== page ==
The toxR gene was first discovered as the regulatory gene of the cholera toxin operon and was later found to be involved in the regulation of many other genes of Vibrio cholerae. The presence of the toxR gene in V. parahaemolyticus is a species identifier, but is not connected to toxigenicity, which is confirmed by the presence of toxins TDH or TRH (there are both or only one) (Zulkifli et al., 2009).
V. parahaemolyticus has many serotypes based on O and K antigens. Epidemics, increasing substantially in Japan and Thailand, are due to the increase in the incidence
of serotype O3:K6. Outbreaks O3:K6 have also taken place in the United States, after ingestion of raw fish. According to one study in Italy, O3:K6 strains showed the presence of tdh gene, but not of trh (Ottaviani et al., 2008).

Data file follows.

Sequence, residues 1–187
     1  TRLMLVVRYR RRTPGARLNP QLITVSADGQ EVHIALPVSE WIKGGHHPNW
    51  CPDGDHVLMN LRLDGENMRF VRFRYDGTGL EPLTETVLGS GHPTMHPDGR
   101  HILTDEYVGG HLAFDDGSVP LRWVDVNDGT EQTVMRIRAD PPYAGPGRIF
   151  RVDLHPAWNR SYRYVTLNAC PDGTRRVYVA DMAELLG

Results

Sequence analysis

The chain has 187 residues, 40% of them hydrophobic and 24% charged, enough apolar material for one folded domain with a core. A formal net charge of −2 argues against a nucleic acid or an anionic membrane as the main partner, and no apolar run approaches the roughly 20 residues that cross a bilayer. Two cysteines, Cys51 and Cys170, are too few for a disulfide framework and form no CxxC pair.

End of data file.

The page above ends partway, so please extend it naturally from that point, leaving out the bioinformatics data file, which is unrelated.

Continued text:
In Italy, the work of Lleo et al. (2010) shows how V. parahaemolyticus isolated from water, sediment, fish and shellfish, have a great serological variability and more than 20% of the studied strains from all over the country and from different matrices are trh+, two of which have the same serotype of a strain isolated from a clinical case; that may constitute a reservoir of bacterial infections and thereby a risk to human health.
Nowadays, for the lack of a European legislation concerning the control of species of Vibrio in the environment and in fish, it is difficult to correlate the clinical case in the presence of the agent. It is thus essential to determine the pathogenicity of the strains isolated through specific cultivation methods or biomolecular approach (Lleo et al., 2010).
1.6. Biochemical method of Vibrio spp. Identification (Alsina’s scheme)